Strongest association seen in individuals with mild cognitive impairment and no dementia
MONDAY, Nov. 21 (HealthDay News) -- Biomarkers of increased Alzheimer's disease (AD) burden, including Pittsburgh Compound B (PiB), β-amyloid peptide (Aβ), and total tau, are associated with lower body mass index (BMI) in individuals with mild cognitive impairment (MCI) or no dementia, according to a study published in the Nov. 22 issue of Neurology.
Eric D. Vidoni, P.T., Ph.D., from the University of Kansas Medical Center in Missouri, and colleagues examined the association of BMI with potential underlying biological substrates for cognitive impairment in participants of the Alzheimer's Disease Neuroimaging Initiative (ADNI). Data were analyzed from 101 participants who underwent positron emission tomography imaging using PiB, and from 405 participants with cerebrospinal fluid (CSF) analyses for Aβ and total tau. The association of CSF biomarkers and global PiB uptake with BMI was measured, controlling for age and gender. BMI differences were assessed between individuals who were and were not considered to be biomarker positive. BMI change over two years was assessed in relation to AD biomarkers.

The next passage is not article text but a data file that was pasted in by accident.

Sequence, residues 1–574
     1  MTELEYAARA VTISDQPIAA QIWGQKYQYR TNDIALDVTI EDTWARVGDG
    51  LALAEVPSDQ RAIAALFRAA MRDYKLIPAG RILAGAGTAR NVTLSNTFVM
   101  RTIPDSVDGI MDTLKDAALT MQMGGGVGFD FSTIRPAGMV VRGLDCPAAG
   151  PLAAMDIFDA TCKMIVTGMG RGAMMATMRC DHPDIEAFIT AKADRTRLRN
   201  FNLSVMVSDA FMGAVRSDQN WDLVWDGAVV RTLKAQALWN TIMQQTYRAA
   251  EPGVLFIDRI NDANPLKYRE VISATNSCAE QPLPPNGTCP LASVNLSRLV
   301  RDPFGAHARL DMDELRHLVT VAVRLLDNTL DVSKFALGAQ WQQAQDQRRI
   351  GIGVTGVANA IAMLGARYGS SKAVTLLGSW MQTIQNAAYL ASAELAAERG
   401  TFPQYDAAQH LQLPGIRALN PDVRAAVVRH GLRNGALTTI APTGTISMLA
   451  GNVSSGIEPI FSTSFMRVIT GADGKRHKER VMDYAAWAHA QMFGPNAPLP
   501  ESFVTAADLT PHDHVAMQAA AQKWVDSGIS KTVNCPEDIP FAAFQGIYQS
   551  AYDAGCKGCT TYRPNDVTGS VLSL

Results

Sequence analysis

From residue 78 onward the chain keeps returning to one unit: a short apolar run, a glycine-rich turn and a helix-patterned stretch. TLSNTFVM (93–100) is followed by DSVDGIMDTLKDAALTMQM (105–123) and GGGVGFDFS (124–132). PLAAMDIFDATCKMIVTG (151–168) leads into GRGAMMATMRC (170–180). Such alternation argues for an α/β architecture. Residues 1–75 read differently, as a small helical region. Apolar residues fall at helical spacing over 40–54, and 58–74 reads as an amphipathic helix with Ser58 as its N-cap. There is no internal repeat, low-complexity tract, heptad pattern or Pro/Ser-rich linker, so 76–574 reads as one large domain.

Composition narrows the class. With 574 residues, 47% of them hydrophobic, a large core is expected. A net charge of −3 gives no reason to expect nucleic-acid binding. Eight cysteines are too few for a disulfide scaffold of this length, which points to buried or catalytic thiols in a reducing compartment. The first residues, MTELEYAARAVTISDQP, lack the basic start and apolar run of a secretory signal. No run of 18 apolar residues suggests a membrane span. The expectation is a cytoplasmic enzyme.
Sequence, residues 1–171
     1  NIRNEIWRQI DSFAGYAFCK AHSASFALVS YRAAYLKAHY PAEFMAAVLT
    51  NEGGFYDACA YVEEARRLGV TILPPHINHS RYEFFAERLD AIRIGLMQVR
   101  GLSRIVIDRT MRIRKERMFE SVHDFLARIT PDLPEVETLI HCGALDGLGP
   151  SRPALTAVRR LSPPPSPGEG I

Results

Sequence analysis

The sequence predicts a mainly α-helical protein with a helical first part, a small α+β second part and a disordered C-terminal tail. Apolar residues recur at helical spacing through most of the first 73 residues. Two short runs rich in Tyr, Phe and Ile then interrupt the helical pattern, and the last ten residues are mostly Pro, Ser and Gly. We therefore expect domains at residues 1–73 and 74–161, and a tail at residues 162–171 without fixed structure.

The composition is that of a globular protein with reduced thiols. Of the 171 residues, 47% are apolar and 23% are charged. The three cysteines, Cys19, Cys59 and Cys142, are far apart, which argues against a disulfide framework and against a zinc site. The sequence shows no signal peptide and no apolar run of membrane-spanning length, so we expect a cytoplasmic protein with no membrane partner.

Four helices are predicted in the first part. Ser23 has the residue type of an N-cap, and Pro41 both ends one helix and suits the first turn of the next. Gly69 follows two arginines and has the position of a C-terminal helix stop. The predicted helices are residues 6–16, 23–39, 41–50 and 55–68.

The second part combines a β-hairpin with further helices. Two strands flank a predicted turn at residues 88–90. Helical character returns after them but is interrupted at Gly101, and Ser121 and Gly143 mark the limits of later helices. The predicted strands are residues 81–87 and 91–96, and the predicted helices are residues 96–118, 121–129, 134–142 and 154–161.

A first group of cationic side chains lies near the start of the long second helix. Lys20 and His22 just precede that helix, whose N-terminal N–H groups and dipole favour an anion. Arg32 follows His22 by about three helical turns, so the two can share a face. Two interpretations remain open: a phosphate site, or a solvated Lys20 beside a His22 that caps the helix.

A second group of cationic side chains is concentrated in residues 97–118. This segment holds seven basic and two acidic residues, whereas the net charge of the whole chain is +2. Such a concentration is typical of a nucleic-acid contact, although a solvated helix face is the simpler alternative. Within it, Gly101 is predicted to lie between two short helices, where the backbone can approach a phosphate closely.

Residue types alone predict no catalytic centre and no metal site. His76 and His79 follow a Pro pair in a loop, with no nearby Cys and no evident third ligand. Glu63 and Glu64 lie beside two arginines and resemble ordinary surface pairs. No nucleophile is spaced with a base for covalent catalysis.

The investigators found that age, education, or BMI status did not differ amongst the no dementia, MCI, and AD groups. In the overall sample, there was a significant association of CSF Aβ, tau, tau/Aβ ratio, and global PiB uptake with BMI. These biomarkers of increased AD burden correlated with lower BMI, and levels indicative of pathophysiology were found in fewer overweight individuals. These associations were strongest in the MCI and no dementia groups.
"The presence and burden of in vivo biomarkers of cerebral amyloid and tau are associated with lower BMI in cognitively normal and MCI individuals," the authors write.
One of the study authors disclosed financial ties to the pharmaceutical industry. ADNI was funded by the pharmaceutical industry.
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